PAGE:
Agricultural cultivation of moringa

Maja Berden Zrimec
Anteja
Published in
4 min readJun 4, 2021

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If you are desperate because your agricultural land is dry and nutrient-deficient maybe you should think about cultivating moringa. Moringa oleifera, currently the most researched moringa tree, grows best in the temperature range of 25–35 degrees C, under direct sunlight, at an altitude around 500 m, and in slightly acidic to alkaline soil (pH 5.0–9.0). Nevertheless, it can tolerate temperatures up to 48 degrees C, only 250 mm of rain, frost in winter, and a wide variety of soil conditions (1). In East Africa, it grows at altitudes up to 1350 m, but can be found even higher - at 2000 m in Zimbabwe (2).

The use of moringa is surprisingly wide. You can use it for fighting malnutrition, as nutritious fodder for your farm animals, water purification, and fertilizer. Its substances are already used in natural cosmetics. The oil from pods is highly praised for cooking and at the same time in the perfume industry for the extraction of fragrances and active compounds from difficult sources, like flower petals.

Moringa oleifera

Cultivating moringa

Moringa can be cultivated inexpensively and environmentally friendly. Once its root system is established, it is quite easy to maintain. The roots penetrate deep into the soil to find water and nutrients, which makes moringa more tolerable to the harsh environmental conditions (3). Consequently, the need for fertilization and irrigation is significantly lower compared to many other agricultural produces. Fast-growing and high capacity to resprout after the harvesting is additional features that make moringa superior to many crops.

Moringa produces high amounts of dry matter: 4.2 to 8.3 tonnes per hectare, depending on the fertilizer, season, and climatic conditions (3). Moringa cultivation on one-hectare land can yield approximately 3 tonnes of seeds which ultimately results in approximately 900 kg of ben-oil, while 3 tonnes of soybean seeds yield 600 kg oil (4). The productivity of the Brazilian genotype of moringa was estimated to be 45 tonnes of pods per hectare (1). The oil yield of 258 kg per hectare was recorded from the Indian cultivar (PKM-1), grown in the subtropical northwestern region of Argentina, after 3 years of the plantation (1).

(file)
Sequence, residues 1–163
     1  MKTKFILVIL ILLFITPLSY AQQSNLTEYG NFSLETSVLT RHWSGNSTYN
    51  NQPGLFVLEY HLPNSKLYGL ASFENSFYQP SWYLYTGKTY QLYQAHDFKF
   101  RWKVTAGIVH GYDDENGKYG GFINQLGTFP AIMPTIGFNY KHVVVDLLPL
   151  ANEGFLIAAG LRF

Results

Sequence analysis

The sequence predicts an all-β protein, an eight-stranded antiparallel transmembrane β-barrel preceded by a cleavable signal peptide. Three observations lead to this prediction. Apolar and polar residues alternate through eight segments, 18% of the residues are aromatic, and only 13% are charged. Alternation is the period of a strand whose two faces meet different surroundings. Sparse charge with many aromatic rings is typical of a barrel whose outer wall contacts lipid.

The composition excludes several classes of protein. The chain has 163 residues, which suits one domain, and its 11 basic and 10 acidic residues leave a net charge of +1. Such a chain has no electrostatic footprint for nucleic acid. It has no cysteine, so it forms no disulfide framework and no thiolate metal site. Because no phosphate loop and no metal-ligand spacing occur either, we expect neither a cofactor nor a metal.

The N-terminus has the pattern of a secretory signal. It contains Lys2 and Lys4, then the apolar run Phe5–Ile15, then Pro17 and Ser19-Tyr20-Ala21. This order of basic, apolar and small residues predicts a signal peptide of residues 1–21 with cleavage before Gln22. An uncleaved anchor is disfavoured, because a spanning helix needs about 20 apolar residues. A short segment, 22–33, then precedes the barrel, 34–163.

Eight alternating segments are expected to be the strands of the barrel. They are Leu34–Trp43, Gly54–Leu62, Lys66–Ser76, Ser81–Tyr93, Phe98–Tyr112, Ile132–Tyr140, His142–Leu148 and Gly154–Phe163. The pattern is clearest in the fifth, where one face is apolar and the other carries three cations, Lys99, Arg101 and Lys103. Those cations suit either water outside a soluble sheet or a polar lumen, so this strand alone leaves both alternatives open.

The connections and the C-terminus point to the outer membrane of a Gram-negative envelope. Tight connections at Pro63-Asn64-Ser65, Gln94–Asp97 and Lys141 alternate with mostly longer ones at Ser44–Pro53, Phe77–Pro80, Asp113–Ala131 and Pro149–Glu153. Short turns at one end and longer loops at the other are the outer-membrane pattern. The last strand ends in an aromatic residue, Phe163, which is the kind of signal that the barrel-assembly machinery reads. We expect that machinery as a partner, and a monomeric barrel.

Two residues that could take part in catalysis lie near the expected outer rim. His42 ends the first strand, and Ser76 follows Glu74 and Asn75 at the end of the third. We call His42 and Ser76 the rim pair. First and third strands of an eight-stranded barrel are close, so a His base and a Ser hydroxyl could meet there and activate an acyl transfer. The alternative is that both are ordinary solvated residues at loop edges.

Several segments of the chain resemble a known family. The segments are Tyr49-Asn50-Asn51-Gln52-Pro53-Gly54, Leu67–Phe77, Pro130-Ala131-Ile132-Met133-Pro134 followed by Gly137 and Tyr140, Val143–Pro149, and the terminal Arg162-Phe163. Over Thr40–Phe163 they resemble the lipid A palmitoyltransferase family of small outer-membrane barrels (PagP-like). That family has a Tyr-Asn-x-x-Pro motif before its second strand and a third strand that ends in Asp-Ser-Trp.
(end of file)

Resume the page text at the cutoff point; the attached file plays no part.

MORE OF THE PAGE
Planting

Moringa plants can be started from the seeds or stem cuttings which also develop a rich root system. Seeds can be sown directly on the field at the beginning of the rainy season or in the nursery during the dry season (2). The initial planting can be quite dense as the production rises with the higher densities. For example, it has been reported that the produced biomass per plant was higher when the planting density was increased from approximately 49,000 to app. 198,000 plants per hectare (3). The reason could be that plants grow higher and expand more when they must compete for the resources in the dense canopy (3). This doesn’t always happen, so it is reasonable to test it beforehand. It should be also taken into account that more plants need more resources (fertilizers, water), so it might not be economical or environmentally friendly to exaggerate the number of plants.